Battery Fast Charging: A Multi-Physics Model-Based Optimal Control Approach
Seminar | April 3 | 4-5 p.m. | Soda Hall, HP Auditorium, 306 Soda Hall
Hector Perez, Joint Postdoctoral Fellow, UC Berkeley and the University of Michigan
Battery systems are an enabling technology towards an electrified and sustainable future with applications that include mobile devices, transportation, and the electric grid. While battery technologies have improved, they are still expensive, under perform, and suffer from various safety issues in service. The utilization of multi-physics battery models for estimation, control, and design optimization are key to addressing such issues while safely achieving the highest possible performance with respect to charge time, power, energy, and lifetime. A thriving area of interest aimed at increasing the practicality of battery systems is fast charging. In this talk, we focus on model-based optimal charging of batteries via coupled multi-physics electrical-thermal-aging and electrochemical-thermal models. This research integrates various disciplines to obtain model-based charging protocols optimized for charge time subject to operating constraints on measurable and/or internal electrochemical variables. By constraining electrochemical variables that directly affect degradation, we gain an understanding on how to safely charge batteries at their physical limits. Through the developed optimal charging framework, we also provide insights on battery system and cell level design optimization for achieving the fastest allowable charge times in current and next generation batteries. This talk concludes with an overview of open problems and future research directions in energy systems and control.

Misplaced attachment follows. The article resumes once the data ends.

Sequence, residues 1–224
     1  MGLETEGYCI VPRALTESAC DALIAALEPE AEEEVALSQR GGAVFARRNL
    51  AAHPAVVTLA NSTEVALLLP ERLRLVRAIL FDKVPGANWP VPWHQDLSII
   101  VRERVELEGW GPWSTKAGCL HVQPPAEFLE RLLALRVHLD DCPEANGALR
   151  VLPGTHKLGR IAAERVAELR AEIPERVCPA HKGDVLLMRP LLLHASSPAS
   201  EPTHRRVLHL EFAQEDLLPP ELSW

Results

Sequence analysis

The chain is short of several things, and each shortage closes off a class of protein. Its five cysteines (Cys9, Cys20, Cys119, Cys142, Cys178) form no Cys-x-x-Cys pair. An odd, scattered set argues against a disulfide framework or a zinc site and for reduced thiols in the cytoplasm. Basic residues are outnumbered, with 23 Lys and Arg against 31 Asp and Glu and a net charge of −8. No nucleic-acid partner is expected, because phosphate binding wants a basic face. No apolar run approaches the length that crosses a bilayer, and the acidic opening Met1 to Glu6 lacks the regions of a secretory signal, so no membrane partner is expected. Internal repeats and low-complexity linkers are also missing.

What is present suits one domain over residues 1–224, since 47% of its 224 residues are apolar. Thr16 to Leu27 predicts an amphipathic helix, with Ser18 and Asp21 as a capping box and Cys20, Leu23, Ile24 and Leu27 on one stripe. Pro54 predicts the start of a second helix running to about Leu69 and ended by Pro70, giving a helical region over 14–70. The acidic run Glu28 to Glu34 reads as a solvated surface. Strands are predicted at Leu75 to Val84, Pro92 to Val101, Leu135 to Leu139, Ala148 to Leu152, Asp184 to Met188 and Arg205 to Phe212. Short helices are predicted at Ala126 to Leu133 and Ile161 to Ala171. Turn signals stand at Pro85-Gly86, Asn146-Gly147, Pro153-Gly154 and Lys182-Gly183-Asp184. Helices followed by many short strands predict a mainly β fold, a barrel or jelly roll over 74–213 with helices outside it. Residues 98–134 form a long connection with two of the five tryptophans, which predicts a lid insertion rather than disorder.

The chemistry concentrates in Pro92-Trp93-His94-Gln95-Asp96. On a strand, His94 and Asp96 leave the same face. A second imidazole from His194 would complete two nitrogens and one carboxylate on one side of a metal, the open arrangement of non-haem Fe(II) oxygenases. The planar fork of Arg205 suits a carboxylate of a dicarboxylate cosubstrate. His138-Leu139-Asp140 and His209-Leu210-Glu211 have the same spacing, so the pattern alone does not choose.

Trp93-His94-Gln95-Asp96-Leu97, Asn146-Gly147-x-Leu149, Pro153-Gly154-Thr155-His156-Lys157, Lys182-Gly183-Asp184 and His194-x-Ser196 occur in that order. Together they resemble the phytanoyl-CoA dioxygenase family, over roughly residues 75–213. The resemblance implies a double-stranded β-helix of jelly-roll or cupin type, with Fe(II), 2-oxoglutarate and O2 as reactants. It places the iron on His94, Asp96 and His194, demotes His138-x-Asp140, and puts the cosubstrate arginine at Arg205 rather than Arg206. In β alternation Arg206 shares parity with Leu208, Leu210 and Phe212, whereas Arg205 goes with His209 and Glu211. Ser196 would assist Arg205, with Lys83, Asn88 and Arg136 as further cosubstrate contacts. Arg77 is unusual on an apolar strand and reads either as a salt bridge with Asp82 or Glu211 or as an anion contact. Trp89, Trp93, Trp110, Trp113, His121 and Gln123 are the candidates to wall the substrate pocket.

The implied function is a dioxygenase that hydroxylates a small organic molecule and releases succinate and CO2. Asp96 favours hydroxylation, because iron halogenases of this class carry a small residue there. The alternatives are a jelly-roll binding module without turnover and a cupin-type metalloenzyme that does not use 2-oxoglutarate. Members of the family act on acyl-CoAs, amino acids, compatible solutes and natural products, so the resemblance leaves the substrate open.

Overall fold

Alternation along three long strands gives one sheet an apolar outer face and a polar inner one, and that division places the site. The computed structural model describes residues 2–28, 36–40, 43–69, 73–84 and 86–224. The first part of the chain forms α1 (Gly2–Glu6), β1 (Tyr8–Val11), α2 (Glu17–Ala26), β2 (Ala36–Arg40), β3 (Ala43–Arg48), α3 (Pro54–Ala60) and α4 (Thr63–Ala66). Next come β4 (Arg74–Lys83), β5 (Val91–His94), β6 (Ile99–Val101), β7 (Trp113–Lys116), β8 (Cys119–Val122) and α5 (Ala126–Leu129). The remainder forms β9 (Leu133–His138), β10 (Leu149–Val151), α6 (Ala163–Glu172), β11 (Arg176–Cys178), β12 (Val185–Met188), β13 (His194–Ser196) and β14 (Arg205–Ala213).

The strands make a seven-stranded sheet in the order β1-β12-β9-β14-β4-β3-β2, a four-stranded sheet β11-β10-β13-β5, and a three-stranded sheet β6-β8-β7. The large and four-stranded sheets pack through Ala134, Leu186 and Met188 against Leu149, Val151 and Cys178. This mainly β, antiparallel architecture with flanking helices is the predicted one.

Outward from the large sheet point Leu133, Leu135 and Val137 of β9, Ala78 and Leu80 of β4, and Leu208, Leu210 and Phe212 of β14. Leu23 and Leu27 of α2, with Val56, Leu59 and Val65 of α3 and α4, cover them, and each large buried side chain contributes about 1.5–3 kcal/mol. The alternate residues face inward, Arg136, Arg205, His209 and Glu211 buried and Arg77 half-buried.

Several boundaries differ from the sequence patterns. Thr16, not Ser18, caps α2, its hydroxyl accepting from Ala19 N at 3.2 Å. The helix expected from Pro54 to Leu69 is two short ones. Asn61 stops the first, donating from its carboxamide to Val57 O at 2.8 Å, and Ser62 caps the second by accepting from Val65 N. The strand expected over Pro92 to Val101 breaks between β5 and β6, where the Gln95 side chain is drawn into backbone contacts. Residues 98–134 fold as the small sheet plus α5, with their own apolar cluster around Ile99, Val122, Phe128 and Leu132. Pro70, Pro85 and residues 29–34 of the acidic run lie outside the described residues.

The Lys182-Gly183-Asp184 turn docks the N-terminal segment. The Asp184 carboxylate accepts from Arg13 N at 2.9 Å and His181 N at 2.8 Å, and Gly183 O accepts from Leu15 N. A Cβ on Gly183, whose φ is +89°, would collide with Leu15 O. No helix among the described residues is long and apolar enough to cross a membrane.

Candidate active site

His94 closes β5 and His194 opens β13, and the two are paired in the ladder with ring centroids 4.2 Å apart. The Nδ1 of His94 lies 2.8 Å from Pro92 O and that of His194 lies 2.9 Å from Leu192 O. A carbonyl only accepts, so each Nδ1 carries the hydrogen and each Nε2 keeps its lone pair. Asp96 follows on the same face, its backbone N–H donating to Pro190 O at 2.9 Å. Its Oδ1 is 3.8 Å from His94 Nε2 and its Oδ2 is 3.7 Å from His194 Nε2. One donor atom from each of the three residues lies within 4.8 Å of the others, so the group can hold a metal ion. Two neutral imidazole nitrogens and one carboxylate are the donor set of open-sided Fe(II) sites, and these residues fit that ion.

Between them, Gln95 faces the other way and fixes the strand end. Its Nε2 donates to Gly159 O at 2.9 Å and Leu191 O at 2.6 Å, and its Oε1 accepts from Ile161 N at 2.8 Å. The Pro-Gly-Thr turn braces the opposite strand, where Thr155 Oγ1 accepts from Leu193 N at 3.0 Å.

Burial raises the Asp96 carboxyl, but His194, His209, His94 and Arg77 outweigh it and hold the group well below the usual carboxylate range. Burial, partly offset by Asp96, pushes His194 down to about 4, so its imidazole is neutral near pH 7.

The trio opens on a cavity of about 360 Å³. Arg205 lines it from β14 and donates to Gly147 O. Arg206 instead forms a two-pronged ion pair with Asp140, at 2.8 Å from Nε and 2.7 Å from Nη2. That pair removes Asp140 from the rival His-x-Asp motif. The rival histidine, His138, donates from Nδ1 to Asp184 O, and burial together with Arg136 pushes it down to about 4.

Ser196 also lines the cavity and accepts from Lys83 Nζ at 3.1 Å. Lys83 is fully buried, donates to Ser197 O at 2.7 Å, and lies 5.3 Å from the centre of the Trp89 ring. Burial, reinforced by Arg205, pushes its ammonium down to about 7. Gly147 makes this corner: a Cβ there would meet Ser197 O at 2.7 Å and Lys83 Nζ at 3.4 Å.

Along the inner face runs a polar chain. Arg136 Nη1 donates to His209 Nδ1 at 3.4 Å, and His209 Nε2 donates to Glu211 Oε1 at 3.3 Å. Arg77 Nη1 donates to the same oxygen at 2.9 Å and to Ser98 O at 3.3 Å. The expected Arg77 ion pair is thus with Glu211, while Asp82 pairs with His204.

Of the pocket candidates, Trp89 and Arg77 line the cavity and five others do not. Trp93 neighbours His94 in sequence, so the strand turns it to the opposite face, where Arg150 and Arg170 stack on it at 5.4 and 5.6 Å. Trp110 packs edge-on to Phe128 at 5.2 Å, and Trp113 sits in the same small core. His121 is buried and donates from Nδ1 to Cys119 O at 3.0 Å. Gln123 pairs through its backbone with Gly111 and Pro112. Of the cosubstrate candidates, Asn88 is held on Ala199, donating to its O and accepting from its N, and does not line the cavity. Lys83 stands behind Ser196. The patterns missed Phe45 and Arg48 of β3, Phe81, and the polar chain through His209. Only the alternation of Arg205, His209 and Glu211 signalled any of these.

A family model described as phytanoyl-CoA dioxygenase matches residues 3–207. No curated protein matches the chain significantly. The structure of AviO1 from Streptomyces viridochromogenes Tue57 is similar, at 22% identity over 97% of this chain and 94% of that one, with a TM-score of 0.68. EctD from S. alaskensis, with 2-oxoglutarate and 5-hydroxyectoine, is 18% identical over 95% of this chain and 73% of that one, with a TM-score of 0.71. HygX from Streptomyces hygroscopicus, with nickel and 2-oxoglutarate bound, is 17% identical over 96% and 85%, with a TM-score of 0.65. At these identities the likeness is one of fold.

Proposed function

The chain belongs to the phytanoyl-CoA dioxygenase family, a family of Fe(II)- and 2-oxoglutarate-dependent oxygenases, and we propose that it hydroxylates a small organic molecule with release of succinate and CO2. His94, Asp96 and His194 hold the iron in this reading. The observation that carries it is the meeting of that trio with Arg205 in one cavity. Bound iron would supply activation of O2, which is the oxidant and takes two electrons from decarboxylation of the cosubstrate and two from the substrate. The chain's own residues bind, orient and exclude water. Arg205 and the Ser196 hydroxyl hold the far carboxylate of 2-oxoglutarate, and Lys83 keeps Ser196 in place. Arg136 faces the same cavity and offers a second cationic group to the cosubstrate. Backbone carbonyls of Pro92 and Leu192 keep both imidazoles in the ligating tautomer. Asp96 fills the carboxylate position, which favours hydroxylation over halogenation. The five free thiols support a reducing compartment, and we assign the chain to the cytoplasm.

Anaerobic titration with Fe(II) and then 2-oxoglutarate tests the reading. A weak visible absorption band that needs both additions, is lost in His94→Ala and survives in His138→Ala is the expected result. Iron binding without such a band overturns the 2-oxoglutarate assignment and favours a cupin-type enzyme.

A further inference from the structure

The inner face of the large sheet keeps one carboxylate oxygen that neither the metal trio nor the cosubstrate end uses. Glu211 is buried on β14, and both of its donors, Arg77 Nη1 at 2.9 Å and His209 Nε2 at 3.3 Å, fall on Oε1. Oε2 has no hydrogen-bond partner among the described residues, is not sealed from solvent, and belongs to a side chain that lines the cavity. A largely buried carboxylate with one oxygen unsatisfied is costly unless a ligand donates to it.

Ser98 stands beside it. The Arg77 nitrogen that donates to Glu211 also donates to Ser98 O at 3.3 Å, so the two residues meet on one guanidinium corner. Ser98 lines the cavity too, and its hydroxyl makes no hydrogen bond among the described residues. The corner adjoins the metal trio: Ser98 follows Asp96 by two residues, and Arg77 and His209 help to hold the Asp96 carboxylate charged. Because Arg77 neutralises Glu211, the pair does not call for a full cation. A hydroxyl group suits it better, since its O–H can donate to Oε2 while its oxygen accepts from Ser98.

Bio: Hector E. Perez received the B.S. degree in mechanical engineering from the California State University, Northridge, in 2010, the M.S.E. degree in mechanical engineering from the University of Michigan, Ann Arbor, in 2012, and the Ph.D. degree in systems engineering from the University of California, Berkeley, in 2016. He is currently a Joint Postdoctoral Researcher with the Energy, Controls, and Applications Laboratory at the University of California, Berkeley and the Scalable Battery Laboratory at the University of Michigan, Ann Arbor, co-advised by Professor Scott Moura and Professor Anna Stefanopoulou, respectively. He is a recipient of the Ford Foundation Predoctoral and GEM Fellowships. He has also received the American Automatic Control Council O. Hugo Schuck Best Paper Award, the American Control Conference Best Student Paper Award, the American Society of Mechanical Engineers Dynamic Systems and Control Conference (ASME DSCC) Energy Systems Best Paper Award, and the ASME DSCC Best Paper Award in the Renewable Energy Systems Session. His current research interests include modeling, estimation, optimal control, design optimization, and experimental characterization & validation of energy systems.